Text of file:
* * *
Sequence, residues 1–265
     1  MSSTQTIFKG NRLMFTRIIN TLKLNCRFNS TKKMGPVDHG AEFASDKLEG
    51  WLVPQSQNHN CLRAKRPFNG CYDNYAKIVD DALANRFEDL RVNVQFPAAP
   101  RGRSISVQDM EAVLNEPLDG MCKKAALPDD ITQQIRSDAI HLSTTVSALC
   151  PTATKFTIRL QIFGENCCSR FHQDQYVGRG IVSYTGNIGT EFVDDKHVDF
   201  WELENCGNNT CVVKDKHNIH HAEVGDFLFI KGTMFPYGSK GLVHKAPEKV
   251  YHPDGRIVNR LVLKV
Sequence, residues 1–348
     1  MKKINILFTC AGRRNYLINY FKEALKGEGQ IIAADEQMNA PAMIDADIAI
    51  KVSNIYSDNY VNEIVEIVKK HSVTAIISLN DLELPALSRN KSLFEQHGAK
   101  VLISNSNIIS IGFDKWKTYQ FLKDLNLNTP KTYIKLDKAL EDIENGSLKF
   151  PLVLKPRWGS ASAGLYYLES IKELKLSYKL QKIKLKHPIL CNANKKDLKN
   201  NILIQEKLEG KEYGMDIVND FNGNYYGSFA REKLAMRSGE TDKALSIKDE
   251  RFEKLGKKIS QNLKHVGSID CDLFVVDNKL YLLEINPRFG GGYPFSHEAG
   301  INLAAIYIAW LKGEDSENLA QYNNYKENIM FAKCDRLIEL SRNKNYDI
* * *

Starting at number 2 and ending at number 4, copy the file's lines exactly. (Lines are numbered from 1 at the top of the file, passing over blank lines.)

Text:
     1  MSSTQTIFKG NRLMFTRIIN TLKLNCRFNS TKKMGPVDHG AEFASDKLEG
    51  WLVPQSQNHN CLRAKRPFNG CYDNYAKIVD DALANRFEDL RVNVQFPAAP
   101  RGRSISVQDM EAVLNEPLDG MCKKAALPDD ITQQIRSDAI HLSTTVSALC